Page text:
Effective public health systems must be built on more than health protection finds HIQA report
The Health Information and Quality Authority (HIQA) has published a report on the configuration and reform of Public Health systems in selected countries. The high level review was undertaken to support the work of the Public Health Reform Expert Advisory Group in Ireland.
The COVID-19 pandemic has caused additional disease burden and mortality, impacted mental health and wellbeing, and delayed investigations and treatment of non-COVID cases. Governments around the world are considering how to strengthen Public Health systems to prepare for future pandemics. HIQA's report aimed to assess how other countries have designed their Public Health systems and the lessons these countries learned following the COVID-19 pandemic.
HIQA reviewed evidence from 12 other countries. In most countries reviewed, all functions of Public Health were strategically managed at the national level. Often, one national body or agency managed several Public Health functions, however, some specific functions, such as community engagement and health promotion, were managed at a regional and local level. In all cases, transparent governance and communication about who is responsible for each Public Health function were found to be important for ensuring a sustainable and comprehensive Public Health system.
HIQA noted that having a clear link between the scientific evidence and the decision-making process was a vital element in all countries. HIQA also noted that countries with robust IT infrastructure already in place (for data collection, surveillance and linkage) faced a smoother transition when the pandemic started. Establishing processes for evidence synthesis and creating a robust IT infrastructure during periods of relative stability can allow countries to have a faster response during a pandemic or emergency.
Michelle O'Neill, HIQA's Deputy Director of Health Technology Assessment, said: "Public Health is often reduced to just health protection, but we found when we examined other Public Health systems that the other pillars of Public Health (that is, health promotion and wellbeing, health intelligence and health service improvement) are vital in preventing health inequalities. As systems go back to "business as usual", these other pillars must also be strengthened."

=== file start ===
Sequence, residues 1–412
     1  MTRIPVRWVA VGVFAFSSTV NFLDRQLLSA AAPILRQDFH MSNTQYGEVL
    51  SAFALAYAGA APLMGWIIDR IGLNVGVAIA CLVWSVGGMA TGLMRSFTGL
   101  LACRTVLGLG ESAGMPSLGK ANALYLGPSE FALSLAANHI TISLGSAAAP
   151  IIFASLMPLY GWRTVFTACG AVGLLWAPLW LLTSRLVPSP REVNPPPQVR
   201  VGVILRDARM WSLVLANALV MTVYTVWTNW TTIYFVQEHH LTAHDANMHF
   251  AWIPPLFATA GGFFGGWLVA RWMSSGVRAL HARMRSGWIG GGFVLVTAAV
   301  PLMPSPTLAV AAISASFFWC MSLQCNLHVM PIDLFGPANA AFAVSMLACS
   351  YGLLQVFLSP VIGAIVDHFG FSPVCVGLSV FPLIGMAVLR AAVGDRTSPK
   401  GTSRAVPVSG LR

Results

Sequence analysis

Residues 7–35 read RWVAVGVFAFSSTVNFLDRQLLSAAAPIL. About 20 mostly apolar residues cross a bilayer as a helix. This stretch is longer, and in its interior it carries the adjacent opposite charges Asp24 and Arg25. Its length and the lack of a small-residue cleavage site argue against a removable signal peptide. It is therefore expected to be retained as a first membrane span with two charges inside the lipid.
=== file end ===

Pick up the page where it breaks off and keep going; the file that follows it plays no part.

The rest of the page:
You can find the report at the link below.
Marty Whelan, Head of Communications & Stakeholder Engagement
01 814 7480/085 805 5202, email@example.com
Notes to Editor:
- HIQA has today published the following documents to inform the work of the Public Health Reform Expert Advisory Group:
- Protocol – High level review of configuration and reform of Public Health systems in selected countries
- Evidence summary – High level review of configuration and reform of Public Health systems in selected countries
- Appendix - High level review of configuration and reform of Public Health systems in selected countries
- On 25 January 2022, the Minister for Health in Ireland established the Public Health Reform Expert Advisory Group (EAG). The Public Health Reform EAG is seeking to identify international best practice and lessons learned regarding the systems and structures that deliver core Public Health functions, with a view to recommending an appropriate operating model to develop and oversee the delivery of Public Health in Ireland.
- The functioning of Public Health systems was considered in the context of the 12 Essential Public Health functions (EPHFs) as defined by the World Health Organization (WHO).
- The 12 Essential Public Health functions relate to: surveillance; emergency management; governance and regulation; planning and financing; health threats; disease prevention; health promotion; engagement; adequate workforce; quality and access; research; and medicines access.
- A search was performed to identify and describe the configuration of the Public Health systems for the following countries selected for inclusion in this review:
- Australia, Canada, Denmark, Finland, Netherlands, New Zealand, Norway, Sweden, England, Northern Ireland, Scotland and Wales.